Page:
And I think it's important that when we look at the nonfiction texts that we bring, the biographies, the historical accounts, but also the fiction that we bring that not everything has a happy ending, not every mistake ends well, not every story ends at the resolution. I think that those are all really crucial. And I think, I mean, we look at our current events now, whether we're thinking about the elections or the pandemic or anything that's happening in your local news, I think it's really interesting to bring those into the classroom and not just study them for the resolution, but to study them in terms of mistakes along the way.
Brett: It's important to note that while the book is for K-12, it really is about the teachers. Can you talk a little bit about how this book is really about the mistakes we as teachers are making in our response to students?
Colleen: It's a misconception teachers have about this book is that this book is about kids, and it's actually about them. Which is not really a great selling point, but part of it is that. And then the other thing is that most of what happens with kids' mistakes is actually, it's our response to the mistakes that makes them either willing or unwilling to make them again. I think we often hand that off to the kid and say that their unwillingness to make mistakes is because of their not understanding growth mindset, as opposed to when you make a mistake, how does the person you're making the mistake in front of respond to it? Do they respond with grades? Do they respond with empathy? Do they respond with teaching or do they snap at you or dig into you?
Brett: We'll wrap up with this. I noted this earlier in our conversation that the book comes with a lot of lessons in the back of the book. Could you just talk us through some of the lessons? You've got a couple in there in particular on intent versus impact. So I just wondered if you could just walk us through some of those lessons.
Colleen: Yeah. So when I was piloting the book, I actually originally was thinking about just teaching about mistakes to students. And almost like a half and half, one half of the book would be about teachers and us learning about our own mistakes. And then the other half would be, how do we share this knowledge with students? And eventually it ended up being like, thinking about lessons. And so while the whole book has sections throughout it where I talk about how we would address these things with students, I have several lessons of the back and they're focused on different age groups. The book is K-12, so there's younger elementary grade and then upper elementary, middle school, high school lessons.
And so some of the things that I was thinking about was just, one of the first ones, which I think is so, so big is understanding the word mistake. That I do think part of our problem as a culture with mistakes is our language around them and the way we conflate mistake with sin. I'm sure there's a better word than sin, intentional wrongdoing. But a mistake is an unintentional thing. Whereas a sin or an intentional wrongdoing, you knew that you were going to do that. When you punch your brother in the face, that's not, "Whoops, my fist hit his nose." It's you actually meant to do that, that whole intention thing. Whereas a mistake, the intention is the thing.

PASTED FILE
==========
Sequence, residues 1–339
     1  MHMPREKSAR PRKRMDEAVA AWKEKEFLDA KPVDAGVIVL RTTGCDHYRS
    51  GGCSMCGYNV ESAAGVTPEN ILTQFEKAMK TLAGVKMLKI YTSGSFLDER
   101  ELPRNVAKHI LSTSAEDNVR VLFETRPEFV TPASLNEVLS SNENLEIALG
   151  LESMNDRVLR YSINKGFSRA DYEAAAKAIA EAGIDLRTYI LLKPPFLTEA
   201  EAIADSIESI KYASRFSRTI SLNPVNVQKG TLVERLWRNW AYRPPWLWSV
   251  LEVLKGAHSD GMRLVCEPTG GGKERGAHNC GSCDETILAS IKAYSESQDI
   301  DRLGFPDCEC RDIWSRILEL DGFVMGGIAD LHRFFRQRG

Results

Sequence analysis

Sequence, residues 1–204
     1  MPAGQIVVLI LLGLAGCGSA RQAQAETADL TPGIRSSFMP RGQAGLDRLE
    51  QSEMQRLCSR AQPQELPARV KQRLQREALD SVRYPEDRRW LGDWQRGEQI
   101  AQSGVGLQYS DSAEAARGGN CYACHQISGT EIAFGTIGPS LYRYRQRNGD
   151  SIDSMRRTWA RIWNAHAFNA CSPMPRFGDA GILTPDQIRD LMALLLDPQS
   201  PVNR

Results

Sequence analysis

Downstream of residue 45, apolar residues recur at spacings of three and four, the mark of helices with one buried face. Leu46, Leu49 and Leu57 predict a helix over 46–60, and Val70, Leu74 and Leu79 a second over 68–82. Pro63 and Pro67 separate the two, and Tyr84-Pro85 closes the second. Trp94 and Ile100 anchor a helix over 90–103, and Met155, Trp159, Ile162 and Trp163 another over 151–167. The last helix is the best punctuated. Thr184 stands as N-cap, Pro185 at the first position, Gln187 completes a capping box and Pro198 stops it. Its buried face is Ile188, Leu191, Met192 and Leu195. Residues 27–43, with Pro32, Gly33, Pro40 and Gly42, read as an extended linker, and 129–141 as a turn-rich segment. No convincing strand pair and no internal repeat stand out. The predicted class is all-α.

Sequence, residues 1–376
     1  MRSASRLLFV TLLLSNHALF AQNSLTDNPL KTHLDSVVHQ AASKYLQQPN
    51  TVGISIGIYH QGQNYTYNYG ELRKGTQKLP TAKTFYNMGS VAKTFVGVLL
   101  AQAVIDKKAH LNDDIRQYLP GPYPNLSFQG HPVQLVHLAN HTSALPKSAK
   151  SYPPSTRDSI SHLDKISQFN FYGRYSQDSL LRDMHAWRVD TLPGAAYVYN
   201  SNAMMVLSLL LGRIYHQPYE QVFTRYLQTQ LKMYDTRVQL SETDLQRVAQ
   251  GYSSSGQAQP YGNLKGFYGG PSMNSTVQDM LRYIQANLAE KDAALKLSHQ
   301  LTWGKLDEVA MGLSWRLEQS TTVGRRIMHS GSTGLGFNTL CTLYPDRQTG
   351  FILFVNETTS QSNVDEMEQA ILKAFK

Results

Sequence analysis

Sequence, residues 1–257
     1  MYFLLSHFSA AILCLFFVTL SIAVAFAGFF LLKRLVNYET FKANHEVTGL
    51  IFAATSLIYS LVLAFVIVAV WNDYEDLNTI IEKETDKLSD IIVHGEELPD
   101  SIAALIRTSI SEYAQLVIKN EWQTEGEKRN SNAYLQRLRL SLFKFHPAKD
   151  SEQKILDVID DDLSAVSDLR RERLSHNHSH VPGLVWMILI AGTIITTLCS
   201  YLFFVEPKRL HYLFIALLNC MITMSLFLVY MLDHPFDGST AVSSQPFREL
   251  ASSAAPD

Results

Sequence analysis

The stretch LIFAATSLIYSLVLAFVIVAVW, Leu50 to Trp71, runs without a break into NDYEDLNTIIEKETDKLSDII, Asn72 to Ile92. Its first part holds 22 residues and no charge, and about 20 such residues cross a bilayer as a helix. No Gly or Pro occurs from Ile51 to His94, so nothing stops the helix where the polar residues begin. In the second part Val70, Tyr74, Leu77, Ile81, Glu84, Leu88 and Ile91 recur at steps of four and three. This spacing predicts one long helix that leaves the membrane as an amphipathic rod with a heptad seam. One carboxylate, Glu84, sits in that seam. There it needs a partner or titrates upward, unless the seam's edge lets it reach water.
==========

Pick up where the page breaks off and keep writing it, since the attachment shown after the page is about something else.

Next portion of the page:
And so teaching kids directly about what mistakes are opens up the classroom for that, how to study it. And then as we talked about earlier, there's this session on impact versus intent. And it does look different for little ones than it does for big guys, and you can get much deeper with that. But one of my favorite lessons is just the idea of collecting mistakes. I have a whole section on this idea of mistake boxes and mistake resumes, and almost like it's all about transparency. It's about teaching kids that putting things out on the table and discussing them is part of what makes something powerful.
And so it explicitly goes into how we can address those things. I do think it's important and I say this in the book, but I think it's important to mention that all of this, of course, requires is a practitioner who knows their students, because I do think knowing kids' experiences, knowing possible trauma that they might be experiencing. These are things you want to tread lightly and knowing your kids, it would be the first step before you jumped into them.
In addition to being the author of The Unstoppable Writing Teacher, M. Colleen Cruz is the author of several other titles for teachers, including Independent Writing and A Quick Guide to Helping Struggling Writers, as well as the author of the young adult novel Border Crossing, a Tomás Rivera Mexican American Children's Book Award Finalist. Colleen was a classroom teacher in general education and inclusive settings before joining the Teachers College Reading and Writing Project where she is Director of Innovation. Colleen presently supports schools, teachers and their students nationally and internationally as a literacy consultant. Fine Colleen on Twitter @colleen_cruz.